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Re: Blue Tongue
« Reply #99 on: September 21, 2021, 08:40:14 AM »
I think they are predicted for the temperature to be back in the high 70s this week in South Canada.
 Usually this time of year we get some really warm weather for a couple of weeks.

Offline Ridgeratt

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Re: Blue Tongue
« Reply #100 on: September 22, 2021, 04:00:46 AM »
The neighbors came down to visit us last night.
While we were sitting on the deck the amount of little gnats buzzing around us was ridiculous.

Offline Ridgeratt

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Re: Blue Tongue
« Reply #101 on: September 22, 2021, 02:45:00 PM »
I'm rolling up the sprinklers and I can say that the amount of gnats is insane. If you stand still you are swarmed.

Offline Pathfinder101

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Re: Blue Tongue
« Reply #102 on: September 22, 2021, 05:11:56 PM »
I'm rolling up the sprinklers and I can say that the amount of gnats is insane. If you stand still you are swarmed.
Yeah, wife and I took a walk by Mill Creek the other night.  They chased her back to the truck...
Before you criticize someone, you should walk a mile in their shoes.  That way, when you criticize them, you're a mile away and you have their shoes.

Offline hunter399

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Re: Blue Tongue
« Reply #103 on: September 22, 2021, 06:27:16 PM »
I know this may be out there a little bit.
But I for see majors changes coming in hunting seasons,and or other restrictions.
It's sucks that WDFW like to keep population riding this fine line of sustainable population. Then when we have a major event such as this,us hunters will take the hard hit of opportunity.
Anyway some of us or Alot us hunters have been screaming at them for years to take measures to raise the population.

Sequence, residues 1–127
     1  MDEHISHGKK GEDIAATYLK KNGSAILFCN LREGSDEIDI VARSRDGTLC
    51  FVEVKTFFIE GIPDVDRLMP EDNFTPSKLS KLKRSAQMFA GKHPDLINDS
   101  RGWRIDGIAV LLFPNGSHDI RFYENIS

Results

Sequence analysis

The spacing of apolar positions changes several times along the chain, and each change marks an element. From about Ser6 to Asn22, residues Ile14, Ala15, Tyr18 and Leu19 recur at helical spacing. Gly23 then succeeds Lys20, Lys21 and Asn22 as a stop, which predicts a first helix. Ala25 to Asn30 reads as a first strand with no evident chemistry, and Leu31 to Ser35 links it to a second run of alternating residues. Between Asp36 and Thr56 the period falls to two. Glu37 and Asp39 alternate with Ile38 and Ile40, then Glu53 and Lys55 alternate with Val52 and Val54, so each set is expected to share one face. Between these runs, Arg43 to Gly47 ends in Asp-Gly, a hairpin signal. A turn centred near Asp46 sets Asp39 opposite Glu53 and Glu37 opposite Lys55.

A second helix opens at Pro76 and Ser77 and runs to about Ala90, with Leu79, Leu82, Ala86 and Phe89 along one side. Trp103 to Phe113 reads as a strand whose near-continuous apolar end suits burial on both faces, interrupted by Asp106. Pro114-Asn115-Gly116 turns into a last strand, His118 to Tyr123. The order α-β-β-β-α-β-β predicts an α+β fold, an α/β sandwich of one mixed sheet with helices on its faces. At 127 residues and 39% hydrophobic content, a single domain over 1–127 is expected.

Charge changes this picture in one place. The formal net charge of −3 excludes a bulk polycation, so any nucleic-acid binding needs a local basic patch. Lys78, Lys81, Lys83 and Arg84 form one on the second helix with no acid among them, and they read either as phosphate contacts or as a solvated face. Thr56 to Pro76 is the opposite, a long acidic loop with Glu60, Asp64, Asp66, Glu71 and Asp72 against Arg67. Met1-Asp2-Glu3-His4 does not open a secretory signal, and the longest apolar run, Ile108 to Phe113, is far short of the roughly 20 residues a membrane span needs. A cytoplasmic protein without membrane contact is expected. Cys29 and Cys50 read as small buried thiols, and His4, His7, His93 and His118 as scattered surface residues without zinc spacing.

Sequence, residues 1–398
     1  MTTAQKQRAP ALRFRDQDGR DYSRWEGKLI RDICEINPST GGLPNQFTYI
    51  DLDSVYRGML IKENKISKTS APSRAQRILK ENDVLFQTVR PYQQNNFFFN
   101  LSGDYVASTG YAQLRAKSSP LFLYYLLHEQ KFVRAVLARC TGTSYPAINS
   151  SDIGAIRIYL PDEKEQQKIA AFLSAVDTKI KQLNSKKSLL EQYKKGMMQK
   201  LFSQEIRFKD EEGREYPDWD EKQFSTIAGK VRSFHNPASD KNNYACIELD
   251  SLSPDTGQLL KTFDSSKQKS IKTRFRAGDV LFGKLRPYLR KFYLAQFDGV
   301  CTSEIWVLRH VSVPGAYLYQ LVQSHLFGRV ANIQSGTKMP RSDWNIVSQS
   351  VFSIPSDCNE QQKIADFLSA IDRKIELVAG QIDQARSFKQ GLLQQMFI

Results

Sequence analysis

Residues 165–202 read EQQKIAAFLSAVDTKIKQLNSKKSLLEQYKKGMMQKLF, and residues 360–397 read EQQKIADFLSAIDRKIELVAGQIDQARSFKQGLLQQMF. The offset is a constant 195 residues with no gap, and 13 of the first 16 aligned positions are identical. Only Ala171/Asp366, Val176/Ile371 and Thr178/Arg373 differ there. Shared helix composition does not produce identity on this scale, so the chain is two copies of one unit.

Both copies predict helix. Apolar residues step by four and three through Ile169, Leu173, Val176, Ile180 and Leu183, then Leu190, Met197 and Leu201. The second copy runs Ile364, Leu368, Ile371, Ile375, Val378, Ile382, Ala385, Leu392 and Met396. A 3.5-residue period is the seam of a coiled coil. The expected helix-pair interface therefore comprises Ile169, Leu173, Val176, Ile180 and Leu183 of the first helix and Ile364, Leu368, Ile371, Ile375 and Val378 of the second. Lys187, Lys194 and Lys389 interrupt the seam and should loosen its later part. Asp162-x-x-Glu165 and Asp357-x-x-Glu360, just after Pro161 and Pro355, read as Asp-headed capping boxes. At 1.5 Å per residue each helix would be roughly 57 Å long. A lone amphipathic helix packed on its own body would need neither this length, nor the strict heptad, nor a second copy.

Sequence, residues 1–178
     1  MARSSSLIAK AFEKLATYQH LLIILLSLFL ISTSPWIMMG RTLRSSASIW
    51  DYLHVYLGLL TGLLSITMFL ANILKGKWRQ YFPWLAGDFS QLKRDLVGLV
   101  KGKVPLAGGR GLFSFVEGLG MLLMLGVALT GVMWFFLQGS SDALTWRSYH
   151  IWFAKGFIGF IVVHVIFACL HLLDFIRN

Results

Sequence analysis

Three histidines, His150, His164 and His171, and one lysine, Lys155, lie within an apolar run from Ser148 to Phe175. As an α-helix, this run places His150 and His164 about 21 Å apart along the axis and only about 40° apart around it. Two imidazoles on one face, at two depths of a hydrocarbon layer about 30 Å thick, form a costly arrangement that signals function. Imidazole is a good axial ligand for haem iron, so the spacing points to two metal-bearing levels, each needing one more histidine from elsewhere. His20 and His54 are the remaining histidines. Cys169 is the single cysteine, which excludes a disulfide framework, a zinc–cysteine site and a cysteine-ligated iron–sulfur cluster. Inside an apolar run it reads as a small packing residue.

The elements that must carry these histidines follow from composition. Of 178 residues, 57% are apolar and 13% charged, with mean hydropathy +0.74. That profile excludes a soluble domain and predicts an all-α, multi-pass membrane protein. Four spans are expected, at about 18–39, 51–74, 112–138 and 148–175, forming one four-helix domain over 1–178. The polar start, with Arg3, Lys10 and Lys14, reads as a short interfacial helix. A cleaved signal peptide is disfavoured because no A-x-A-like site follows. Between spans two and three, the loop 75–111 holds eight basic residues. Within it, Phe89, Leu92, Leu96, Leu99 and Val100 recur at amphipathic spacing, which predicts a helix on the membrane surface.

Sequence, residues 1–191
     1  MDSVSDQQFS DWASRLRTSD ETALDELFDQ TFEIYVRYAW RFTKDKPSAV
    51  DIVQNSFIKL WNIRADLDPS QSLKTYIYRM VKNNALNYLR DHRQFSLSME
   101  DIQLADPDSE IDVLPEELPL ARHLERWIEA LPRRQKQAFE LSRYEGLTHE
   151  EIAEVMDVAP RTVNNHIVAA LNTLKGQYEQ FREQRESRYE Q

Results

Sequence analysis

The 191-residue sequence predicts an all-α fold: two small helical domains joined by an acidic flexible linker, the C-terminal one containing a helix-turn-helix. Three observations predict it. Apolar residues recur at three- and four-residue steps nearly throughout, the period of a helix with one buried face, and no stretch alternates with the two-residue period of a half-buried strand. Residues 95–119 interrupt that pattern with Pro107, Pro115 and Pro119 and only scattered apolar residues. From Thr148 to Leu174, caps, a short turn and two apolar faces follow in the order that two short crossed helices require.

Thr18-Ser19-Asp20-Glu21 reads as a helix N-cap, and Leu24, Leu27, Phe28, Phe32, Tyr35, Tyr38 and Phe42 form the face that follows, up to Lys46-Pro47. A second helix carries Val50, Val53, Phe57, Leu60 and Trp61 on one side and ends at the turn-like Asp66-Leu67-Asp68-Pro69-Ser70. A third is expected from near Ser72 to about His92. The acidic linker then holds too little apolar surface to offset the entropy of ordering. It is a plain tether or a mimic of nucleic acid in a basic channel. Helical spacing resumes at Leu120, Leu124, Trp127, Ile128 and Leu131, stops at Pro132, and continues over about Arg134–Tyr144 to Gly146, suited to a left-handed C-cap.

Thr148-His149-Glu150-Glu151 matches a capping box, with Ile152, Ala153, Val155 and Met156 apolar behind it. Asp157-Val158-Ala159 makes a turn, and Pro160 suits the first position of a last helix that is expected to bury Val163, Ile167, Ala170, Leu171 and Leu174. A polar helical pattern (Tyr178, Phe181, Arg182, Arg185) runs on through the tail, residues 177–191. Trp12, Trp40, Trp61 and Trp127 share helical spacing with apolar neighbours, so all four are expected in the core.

With that said.....
There was and is no way to predict huge events such as this,and being this much more serious year. We all know bluetongue comes through every five years or so.But this year seems really bad.
Just some thoughts that have went through my head.
Two birds in the Bush is always better than one in the hand-that way you can always go to the Bush and hunt another day .conservation=Better hunting.
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Offline bow4elk

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Re: Blue Tongue
« Reply #104 on: September 23, 2021, 03:10:20 PM »
Latest info from WDFW: https://wdfw.wa.gov/species-habitats/diseases/hemorrhagic

Sorry about the formatting - not having any luck making a clean bullet list

About the EHD/Bluetongue outbreak

  • Since mid-August, WDFW biologists across Eastern Washington have been responding to reports of dead and/or dying deer with symptoms of Bluetongue and/or EHD (Epizootic Hemorrhagic Disease). 

    Hemorrhagic diseases- EHD and Bluetongue- are common viral diseases that mostly affect white-tailed deer, however bighorn sheep and mule deer have been documented with these viruses this year as well.